• “Describe a community that you are part of” or some version of that–This essay allows for a bit of creativity in defining the “community” that the applicant chooses to discuss. It also, happily, allows for the applicant to take one of the basic essays he or she has written and to bend it cleverly to fit this topic. For example, it could be a school community or church community or community of athletes or community of volunteers or theatrical community or musical community or you name it.
  • “Write about a time when you had to work with someone whose background (e.g., race, ethnicity, religion, politics, income, gender identity, or sexual orientation) was different from yours” or some version of that–Many colleges are committed to promoting student diversity on their campuses and are, understandably, interested in how new students will react to that diversity. Specific examples drawn from an applicant’s school or community would probably work best to show whether and how that applicant values diversity. For students who go to school or live in a community that is not racially, ethnically, socioeconomically, or otherwise diverse, this topic might be harder to write about, but could turn out to be very insightful?if, in fact, diversity is one of the main reasons the applicant chose to apply to that college.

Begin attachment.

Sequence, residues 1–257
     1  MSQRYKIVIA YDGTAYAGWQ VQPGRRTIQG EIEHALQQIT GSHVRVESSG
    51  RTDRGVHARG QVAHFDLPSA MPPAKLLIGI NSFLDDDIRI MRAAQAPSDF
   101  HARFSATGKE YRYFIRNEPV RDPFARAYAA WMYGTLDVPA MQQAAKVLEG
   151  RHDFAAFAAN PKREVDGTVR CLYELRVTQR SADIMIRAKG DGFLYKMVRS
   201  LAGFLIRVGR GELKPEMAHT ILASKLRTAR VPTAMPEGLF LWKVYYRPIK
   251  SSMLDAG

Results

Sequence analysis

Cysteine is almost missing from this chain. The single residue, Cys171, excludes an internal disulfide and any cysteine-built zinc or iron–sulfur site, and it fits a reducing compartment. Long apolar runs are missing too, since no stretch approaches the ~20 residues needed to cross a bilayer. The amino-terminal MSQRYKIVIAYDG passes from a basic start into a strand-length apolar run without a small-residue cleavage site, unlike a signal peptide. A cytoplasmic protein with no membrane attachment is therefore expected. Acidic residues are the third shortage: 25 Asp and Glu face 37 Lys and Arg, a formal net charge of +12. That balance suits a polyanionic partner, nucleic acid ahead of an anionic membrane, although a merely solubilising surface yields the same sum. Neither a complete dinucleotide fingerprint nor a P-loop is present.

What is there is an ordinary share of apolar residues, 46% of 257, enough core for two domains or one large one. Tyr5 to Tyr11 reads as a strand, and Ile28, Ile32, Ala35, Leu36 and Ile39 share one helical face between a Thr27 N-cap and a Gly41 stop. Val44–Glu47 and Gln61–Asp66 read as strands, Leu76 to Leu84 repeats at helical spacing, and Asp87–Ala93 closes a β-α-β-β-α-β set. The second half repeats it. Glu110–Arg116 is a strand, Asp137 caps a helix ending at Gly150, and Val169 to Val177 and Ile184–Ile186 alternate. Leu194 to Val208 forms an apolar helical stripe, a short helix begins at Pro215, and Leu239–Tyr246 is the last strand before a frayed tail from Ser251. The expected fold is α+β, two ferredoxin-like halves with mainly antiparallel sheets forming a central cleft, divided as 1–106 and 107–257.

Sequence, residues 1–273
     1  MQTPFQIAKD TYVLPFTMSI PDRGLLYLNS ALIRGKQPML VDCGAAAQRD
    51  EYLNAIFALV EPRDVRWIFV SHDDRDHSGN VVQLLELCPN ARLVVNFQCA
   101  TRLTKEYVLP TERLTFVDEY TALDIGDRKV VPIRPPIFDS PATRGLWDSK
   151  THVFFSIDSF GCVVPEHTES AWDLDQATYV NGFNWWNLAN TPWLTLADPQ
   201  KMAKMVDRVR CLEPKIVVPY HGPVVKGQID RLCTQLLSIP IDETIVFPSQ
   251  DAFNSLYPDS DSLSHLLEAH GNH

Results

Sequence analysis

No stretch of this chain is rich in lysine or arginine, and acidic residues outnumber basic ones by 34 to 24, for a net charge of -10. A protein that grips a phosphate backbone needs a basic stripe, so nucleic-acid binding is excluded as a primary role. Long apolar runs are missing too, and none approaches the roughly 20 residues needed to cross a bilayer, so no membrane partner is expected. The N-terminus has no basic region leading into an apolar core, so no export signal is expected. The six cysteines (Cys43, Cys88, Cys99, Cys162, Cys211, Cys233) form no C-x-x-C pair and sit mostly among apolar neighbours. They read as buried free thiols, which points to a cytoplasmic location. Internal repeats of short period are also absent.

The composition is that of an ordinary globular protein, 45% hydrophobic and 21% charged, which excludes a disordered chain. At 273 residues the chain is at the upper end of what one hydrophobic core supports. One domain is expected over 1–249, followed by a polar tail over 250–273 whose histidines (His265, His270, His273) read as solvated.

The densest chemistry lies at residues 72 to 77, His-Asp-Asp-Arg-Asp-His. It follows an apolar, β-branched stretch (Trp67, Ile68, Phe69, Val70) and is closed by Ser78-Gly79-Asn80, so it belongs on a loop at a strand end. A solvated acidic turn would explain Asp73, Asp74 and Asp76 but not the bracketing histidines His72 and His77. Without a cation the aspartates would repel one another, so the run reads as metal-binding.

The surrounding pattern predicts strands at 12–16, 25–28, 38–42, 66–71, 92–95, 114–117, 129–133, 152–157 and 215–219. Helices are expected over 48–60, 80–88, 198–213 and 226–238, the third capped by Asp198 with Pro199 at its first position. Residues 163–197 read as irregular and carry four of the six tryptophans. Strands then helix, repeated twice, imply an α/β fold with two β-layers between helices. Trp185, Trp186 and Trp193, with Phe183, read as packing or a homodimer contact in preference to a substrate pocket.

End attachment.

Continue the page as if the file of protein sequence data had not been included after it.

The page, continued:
Clearly, you and your teenager must look at the totality of the supplementary essays each college asks for and mix and match the ones you have with the ones that are needed. What is one college’s “activity that is significant to you” is another college’s “community that you are part of.” You see how that works?